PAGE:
Should hospices be exempt from following national cardiopulmonary resuscitation guidelines? NoBMJ 2009; 338 doi: https://doi.org/10.1136/bmj.b986 (Published 27 March 2009) Cite this as: BMJ 2009;338:b986
- Claud Regnard, consultant in palliative care medicine12,
- Fiona Randall, consultant in palliative medicine3
- 1St Oswald’s Hospice, Newcastle Hospitals NHS Trust, Newcastle upon Tyne NE3 1EE
- 2Northumberland Tyne and Wear NHS Trust, Newcastle upon Tyne
- 3Royal Bournemouth and Christchurch NHS Foundation Trust, Christchurch, Dorset
- Correspondence to: C Regnard
It is tempting to view hospices as unique therapeutic environments that demand special treatment. However, hospices have no desire to work outside national guidelines on good practice. The current cardiopulmonary resuscitation guidelines1 uphold essential core principles and values that particularly apply in end of life care and are coherent with the Mental Capacity Act (England and Wales)2 3 and the Adults with Incapacity Act (Scotland),4 which govern decisions for patients who lack capacity. The guidelines reflect the good practice expected of hospices.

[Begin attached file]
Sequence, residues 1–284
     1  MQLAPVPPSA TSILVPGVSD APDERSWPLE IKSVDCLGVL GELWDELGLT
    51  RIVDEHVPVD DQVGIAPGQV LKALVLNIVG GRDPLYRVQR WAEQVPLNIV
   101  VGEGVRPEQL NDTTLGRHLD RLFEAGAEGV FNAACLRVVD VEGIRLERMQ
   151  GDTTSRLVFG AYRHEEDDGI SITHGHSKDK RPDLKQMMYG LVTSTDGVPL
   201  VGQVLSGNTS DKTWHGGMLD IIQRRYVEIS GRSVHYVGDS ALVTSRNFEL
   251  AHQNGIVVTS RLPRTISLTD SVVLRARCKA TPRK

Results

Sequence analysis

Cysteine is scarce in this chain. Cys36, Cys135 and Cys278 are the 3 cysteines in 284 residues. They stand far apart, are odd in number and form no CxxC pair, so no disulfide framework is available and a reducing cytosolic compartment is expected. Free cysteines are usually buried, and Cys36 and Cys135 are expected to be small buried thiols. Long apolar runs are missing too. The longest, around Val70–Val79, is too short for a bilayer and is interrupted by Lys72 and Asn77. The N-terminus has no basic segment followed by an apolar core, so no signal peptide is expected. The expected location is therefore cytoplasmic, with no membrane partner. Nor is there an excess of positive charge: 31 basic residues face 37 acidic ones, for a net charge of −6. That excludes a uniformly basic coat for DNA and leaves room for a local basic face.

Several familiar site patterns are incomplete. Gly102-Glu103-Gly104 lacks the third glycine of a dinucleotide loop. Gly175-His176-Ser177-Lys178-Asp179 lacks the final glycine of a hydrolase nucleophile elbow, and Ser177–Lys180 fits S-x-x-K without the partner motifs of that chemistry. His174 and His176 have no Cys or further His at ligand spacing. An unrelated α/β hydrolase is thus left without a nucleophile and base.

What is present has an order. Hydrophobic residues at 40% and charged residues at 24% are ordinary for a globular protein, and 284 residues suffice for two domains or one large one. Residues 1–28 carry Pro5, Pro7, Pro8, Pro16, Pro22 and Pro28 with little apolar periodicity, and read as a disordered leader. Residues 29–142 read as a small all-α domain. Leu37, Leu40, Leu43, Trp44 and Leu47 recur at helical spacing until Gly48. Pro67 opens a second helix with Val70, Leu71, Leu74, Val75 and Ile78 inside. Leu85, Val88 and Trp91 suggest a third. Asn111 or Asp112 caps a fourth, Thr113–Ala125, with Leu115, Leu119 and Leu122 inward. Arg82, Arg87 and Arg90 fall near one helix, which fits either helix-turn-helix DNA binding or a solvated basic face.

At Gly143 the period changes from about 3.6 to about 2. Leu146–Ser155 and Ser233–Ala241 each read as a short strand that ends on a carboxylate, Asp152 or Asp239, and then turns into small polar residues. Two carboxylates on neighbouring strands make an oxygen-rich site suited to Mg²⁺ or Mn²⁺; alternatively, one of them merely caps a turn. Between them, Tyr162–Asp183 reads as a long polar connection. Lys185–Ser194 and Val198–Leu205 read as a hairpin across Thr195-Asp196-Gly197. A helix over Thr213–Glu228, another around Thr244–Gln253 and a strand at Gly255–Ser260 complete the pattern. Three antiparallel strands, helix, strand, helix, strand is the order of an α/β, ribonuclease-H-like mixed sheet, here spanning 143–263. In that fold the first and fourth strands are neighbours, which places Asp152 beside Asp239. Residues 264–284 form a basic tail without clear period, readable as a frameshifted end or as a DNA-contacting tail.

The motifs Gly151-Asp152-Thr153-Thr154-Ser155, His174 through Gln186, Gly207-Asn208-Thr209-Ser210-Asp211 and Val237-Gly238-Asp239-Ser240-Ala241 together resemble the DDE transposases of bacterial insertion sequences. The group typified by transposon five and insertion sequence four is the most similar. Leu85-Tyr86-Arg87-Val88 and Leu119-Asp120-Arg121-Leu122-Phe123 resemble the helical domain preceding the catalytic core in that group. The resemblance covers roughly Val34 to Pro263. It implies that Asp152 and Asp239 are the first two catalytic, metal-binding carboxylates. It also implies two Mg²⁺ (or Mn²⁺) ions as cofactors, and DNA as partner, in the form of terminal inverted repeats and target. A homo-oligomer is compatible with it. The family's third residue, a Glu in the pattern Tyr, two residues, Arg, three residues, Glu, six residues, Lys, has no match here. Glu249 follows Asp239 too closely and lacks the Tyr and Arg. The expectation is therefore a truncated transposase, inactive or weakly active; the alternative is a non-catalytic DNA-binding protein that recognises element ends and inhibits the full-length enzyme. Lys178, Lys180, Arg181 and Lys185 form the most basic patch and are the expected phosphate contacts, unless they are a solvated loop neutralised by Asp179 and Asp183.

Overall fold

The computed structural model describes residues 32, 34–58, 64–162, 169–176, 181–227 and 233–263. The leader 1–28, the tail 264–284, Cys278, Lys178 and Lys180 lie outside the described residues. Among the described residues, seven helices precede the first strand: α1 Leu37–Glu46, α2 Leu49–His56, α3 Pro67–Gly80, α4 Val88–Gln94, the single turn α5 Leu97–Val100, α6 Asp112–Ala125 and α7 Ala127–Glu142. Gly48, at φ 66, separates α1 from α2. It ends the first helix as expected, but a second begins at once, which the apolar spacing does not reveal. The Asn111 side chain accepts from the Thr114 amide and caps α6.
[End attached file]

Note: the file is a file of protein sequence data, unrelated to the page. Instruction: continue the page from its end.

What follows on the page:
Protection against arbitrary discrimination
The guidelines provide essential protection against discrimination on irrelevant grounds. When a cardiorespiratory arrest is expected, and an advance decision is needed, the guidelines ensure this decision is tailored to the individual and to their circumstances, and not to arbitrary factors such as place of care.
When a cardiorespiratory arrest occurs unexpectedly, the guidelines state that there should be an initial presumption in favour of cardiopulmonary resuscitation unless the patient has a valid and applicable anticipatory decision refusing it. Therefore the new guidelines …
Log in using your username and password
Log in through your institution
Register for a free trial to thebmj.com to receive unlimited access to all content on thebmj.com for 14 days.
Sign up for a free trial